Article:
I Tried This Revolutionary New Way To Track Your Workout – Here’s What Happened

I’ll be honest – I had never been someone who could even tolerate, let alone LOVE running. I was always suspicious (and incredibly jealous) of those people who could run for hours and hours, race after race. Those people who said running cleared their head and gave them a borderline euphoric ‘runner’s high’. I always wondered how could I become one of these mythical creatures that relished putting one leg in front of the other again and again and again.

Until I became one, too. My secret? It’s so simple you’ll scoff – setting goals. And fortunately there’s one nifty little device that seriously helped with that.

The MyFit Pod from The Athlete’s Foot is a fitness tracker that clips easily onto any running shoe, providing unique, foot-based metrics to help you track and improve your performance. It measures:

  • Your cadence (the average number of times your foot hits the ground in one minute)
  • Your leg swing (how high you kick your foot after push off)
  • Your rate of impact (the time your body has to deal with ground force)
  • Your foot strike (which part of your foot touches the ground first)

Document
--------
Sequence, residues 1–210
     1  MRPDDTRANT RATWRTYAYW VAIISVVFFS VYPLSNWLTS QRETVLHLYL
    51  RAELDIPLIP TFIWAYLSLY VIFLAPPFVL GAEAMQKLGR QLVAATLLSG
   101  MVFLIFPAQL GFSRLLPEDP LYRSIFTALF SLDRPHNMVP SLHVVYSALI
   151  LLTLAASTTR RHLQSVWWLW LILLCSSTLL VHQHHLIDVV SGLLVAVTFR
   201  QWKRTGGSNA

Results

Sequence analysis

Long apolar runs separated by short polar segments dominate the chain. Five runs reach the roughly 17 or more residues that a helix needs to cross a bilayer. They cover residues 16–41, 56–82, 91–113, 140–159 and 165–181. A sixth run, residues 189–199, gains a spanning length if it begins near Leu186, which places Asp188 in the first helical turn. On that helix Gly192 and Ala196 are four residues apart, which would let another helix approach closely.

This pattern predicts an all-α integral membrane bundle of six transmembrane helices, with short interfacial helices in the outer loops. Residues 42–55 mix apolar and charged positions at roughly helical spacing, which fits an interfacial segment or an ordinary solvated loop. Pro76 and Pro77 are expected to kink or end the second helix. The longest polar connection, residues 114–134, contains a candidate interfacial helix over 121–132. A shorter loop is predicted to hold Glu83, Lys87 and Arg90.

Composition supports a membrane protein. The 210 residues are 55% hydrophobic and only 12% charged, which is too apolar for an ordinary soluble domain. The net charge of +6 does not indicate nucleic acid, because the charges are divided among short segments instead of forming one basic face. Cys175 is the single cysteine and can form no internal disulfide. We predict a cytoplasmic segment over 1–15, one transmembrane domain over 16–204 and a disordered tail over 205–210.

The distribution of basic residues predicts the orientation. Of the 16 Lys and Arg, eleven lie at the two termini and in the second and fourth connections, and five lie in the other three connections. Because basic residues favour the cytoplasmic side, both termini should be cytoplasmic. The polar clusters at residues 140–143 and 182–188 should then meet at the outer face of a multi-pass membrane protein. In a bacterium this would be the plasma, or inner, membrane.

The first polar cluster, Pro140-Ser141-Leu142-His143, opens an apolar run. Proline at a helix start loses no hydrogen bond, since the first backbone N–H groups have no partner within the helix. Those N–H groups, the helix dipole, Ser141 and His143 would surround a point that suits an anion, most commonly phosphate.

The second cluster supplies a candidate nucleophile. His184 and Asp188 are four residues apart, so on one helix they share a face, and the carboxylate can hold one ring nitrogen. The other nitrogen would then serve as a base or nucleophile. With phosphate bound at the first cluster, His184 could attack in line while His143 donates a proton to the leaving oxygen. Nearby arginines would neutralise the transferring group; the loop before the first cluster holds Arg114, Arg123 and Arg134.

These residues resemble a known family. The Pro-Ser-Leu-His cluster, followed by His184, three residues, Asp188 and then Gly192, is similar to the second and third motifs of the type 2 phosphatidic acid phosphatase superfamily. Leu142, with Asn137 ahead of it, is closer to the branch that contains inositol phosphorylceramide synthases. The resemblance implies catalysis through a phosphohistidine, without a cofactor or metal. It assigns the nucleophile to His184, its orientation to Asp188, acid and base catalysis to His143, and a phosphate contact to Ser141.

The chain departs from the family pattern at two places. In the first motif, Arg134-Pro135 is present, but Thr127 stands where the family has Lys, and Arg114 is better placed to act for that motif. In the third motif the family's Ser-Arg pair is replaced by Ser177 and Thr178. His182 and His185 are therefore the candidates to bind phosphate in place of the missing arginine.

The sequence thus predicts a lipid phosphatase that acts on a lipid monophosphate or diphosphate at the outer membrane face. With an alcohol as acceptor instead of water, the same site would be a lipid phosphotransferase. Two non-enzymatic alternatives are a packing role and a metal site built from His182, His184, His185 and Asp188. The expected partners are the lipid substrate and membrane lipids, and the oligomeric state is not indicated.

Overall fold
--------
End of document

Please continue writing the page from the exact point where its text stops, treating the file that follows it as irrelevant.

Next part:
• Your ground contact (the amount of time your foot spends on the ground)
  • Your stride length
  • Your pace
  • Your distance
  • Your duration

The MyFit Pod then combines all of this data together to calculate your Runficiency Score™, the more efficient you are, the less energy you’re using, the better runner you are, basically.

MyFit Pod

When I first started on my quest (yes, dramatic much) to love running, I knew the best way to keep myself motivated was by seeing how much I could improve each time. A bit of healthy competition with myself. After strapping on the MyFit Pod (with no need to charge or press a whole bunch of confusing buttons) and going on my first, very short, run I checked the MyFit app to see my results. The app also shows you what results you should be aiming for, and I was way off when it came to optimum ground contact and leg swing.

On my next run, these factors were top of mind. I set a goal to improve each run by 500 metres to a kilometre. The small goals were made even more achievable when I could evaluate my running analytics to better my performance. Soon my leg swing was in the preferred high range, my cadence was increasing, my ground contact was diminishing and my Runficiency Score was improving. Eventually I was smashing five, six and seven kilometre jogs, and getting that sweet, sweet endorphin rush. I was one of those people, I was hooked.

Now, I’m no Steve Moneghetti… Yet. So the MyFit pod is staying firmly strapped to my shoelace because there’s plenty of room for improvement and plenty more goals to smash (hello, half marathon).

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